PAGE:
Last week the Third Circuit Court of Appeals issued a precedential opinion reversing the Eastern District of Pennsylvania’s decision granting a Motion to Dismiss a complaint filed by homeowners concerning alleged odors and air contaminants emanating from the Bethlehem landfill, thus reviving the case. Baptiste v. Bethlehem Landfill Co., No. 19-1692, slip op. (3d. Cir. July 13, 2020). In doing so, the Court found that a class of Pennsylvania homeowners allegedly affected by landfill odors may bring suit under theories of negligence, public nuisance and private nuisance. Read More »

Last month, the D.C. Circuit, reversing a lower court decision, held that Guam was time-barred from pursuing its claims under CERCLA against the US Navy for the cleanup of the Ordot Dump on the island. Government of Guam v. United States of America, No. 1:17-cv-02487 (D.C. Cir. 2020). Of particular interest was the D.C. Circuit's determination that a 2004 Consent Decree entered into between EPA and Guam to resolve claims under a statutory scheme other than CERCLA, the Clean Water Act, nevertheless sufficiently “resolved” Guam’s liability for at least some remediation costs, giving rise to a contribution claim under Section 113 of CERCLA, bringing the D.C. Circuit in line with a majority of other federal appellate courts that have examined the issue. Read More »

Relying on Texas caselaw, the Fifth Circuit, in Gao v. Blue Ridge Landfill TX, L.P., No. 19-40062 (5th Cir. Oct. 30, 2019), affirmed a district court decision which held that homeowners who moved near a preexisting landfill were subject to a two-year statute of limitations to bring suit based on odors emanating from the landfill. The case, while reliant on state law, nonetheless suggests that such claims that sound in nuisance need to be brought quickly, and that even a change in operations or uptick in odor complaints may be insufficient to reset the clock on the viability of claims. Read More »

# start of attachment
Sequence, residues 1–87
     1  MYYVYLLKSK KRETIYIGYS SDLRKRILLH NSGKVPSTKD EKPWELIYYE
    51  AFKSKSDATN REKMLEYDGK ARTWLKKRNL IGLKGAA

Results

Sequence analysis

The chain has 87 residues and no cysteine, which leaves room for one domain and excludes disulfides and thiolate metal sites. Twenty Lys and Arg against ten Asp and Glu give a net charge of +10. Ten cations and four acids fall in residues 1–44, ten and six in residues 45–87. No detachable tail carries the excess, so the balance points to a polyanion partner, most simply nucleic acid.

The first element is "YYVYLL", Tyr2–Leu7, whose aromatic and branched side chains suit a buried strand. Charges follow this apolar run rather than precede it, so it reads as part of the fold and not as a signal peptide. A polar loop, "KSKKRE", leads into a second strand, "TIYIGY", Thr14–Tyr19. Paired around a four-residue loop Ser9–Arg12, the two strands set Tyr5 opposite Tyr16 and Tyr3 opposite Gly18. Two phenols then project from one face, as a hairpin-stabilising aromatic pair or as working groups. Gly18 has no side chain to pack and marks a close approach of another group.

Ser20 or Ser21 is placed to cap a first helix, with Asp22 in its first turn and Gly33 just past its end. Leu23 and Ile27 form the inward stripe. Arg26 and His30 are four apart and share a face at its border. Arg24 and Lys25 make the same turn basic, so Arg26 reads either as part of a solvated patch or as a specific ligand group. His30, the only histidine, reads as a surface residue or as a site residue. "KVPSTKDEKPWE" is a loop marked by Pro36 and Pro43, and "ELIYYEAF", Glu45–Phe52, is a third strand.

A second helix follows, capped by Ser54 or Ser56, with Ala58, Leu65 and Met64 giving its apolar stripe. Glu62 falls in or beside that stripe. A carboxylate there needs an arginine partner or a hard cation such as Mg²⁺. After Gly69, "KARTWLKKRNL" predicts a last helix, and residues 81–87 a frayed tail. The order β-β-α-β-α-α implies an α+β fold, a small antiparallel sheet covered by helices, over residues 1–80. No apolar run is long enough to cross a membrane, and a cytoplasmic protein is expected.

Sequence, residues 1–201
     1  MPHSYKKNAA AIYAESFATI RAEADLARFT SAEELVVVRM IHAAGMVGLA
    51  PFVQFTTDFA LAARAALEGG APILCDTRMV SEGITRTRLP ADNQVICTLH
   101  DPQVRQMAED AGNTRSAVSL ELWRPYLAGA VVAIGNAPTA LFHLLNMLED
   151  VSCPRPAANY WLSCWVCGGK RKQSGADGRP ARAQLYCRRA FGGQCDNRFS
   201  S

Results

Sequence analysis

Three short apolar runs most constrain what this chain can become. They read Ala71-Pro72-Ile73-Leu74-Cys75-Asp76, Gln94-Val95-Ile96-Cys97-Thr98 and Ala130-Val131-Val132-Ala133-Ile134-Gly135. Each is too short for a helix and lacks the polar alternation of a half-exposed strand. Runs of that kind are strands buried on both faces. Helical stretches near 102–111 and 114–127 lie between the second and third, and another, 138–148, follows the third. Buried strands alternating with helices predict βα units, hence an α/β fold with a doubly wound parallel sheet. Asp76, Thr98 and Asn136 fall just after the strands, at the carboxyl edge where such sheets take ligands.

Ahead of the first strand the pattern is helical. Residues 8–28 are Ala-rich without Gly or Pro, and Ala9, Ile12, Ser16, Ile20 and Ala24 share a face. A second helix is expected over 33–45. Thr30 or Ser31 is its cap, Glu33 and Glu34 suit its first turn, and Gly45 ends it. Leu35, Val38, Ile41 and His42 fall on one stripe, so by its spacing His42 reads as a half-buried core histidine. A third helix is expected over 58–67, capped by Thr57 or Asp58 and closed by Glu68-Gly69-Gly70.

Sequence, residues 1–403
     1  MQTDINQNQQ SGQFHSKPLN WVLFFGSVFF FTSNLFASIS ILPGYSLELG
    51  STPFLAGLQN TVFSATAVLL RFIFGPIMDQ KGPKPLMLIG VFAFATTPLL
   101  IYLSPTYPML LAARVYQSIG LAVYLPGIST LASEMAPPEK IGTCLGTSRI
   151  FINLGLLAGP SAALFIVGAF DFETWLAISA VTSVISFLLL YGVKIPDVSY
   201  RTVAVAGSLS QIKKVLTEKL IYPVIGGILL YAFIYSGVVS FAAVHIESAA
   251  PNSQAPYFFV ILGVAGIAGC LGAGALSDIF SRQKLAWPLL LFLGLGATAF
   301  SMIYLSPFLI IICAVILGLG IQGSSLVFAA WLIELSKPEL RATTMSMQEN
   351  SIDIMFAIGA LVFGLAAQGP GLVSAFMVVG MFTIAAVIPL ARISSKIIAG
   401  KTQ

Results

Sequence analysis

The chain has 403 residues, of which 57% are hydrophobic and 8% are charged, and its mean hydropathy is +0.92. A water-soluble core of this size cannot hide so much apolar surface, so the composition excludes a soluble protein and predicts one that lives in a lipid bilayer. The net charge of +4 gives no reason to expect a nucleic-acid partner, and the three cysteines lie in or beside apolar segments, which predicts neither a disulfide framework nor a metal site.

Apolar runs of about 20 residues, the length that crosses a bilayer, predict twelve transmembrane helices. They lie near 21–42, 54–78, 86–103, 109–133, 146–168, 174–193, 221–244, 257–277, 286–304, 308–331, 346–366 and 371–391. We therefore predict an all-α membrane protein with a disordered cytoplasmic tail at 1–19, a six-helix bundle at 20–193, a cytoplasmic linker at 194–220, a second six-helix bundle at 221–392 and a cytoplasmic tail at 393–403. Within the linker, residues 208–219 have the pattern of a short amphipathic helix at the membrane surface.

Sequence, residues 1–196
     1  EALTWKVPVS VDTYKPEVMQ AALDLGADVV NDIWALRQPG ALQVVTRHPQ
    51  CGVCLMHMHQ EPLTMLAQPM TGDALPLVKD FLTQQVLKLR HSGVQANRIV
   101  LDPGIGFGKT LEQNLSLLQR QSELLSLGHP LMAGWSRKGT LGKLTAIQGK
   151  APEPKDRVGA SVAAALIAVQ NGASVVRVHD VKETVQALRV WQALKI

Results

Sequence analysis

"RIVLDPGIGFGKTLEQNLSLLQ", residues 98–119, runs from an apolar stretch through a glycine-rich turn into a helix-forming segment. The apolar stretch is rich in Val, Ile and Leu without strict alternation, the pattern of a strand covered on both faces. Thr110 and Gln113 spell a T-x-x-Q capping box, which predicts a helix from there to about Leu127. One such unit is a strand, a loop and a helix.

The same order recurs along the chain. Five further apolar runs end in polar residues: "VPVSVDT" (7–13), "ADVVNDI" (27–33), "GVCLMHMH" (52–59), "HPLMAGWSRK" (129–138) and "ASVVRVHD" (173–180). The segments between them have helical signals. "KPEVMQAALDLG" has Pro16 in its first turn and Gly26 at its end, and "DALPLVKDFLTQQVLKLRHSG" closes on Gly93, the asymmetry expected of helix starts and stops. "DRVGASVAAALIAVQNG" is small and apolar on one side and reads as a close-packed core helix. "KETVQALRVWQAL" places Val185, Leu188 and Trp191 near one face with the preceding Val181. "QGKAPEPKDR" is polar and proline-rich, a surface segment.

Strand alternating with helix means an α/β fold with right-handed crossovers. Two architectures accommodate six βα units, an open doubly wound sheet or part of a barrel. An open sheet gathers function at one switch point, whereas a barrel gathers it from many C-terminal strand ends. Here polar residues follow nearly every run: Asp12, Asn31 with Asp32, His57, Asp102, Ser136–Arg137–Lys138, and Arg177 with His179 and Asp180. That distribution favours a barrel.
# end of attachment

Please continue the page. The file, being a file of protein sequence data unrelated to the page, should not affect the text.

In a matter of first impression in Delaware, the Delaware Superior Court recently held that the Department of Natural Resources and Environmental Control (“DNREC”) does not have authority under its cease and desist powers to mandate that an alleged violator take affirmative corrective action. See Del. v. McGinnis Auto & Mobile Home Salvage, LLC, K17A-09-001 JJC (Del. Super. Feb. 21, 2019). The court decided that when DNREC seeks to require a violator to take affirmative action, DNREC must obtain appropriate injunctive relief in Delaware’s Court of Chancery. Read More »

In an unpublished opinion, the United States District Court for the District of New Jersey held that the Government was not liable under the Comprehensive Environmental Response, Compensation, and Liability Act (“CERCLA”) or Resource Conservation and Recovery Act (“RCRA”) for remediation costs incurred at a former defense site. PPG Indus., Inc. v. United States, No. 12-3526, 2018 WL 6168623 (D.N.J. Nov. 26, 2018). Last year we reported on TDY Holdings v. United States, in which the Ninth Circuit rejected a zero percent liability allocation to the government for remediation costs incurred at a former aeronautical manufacturing plant. In PPG Industries, the District of New Jersey found that the Government’s general wartime control over a New Jersey chromite facility was insufficient by itself to impose liability absent a direct connection between the Government and waste disposal activities. The District Court’s decision highlights a hurdle for private parties hoping to hold the government responsible for cleanup costs incurred at former defense sites. Read More »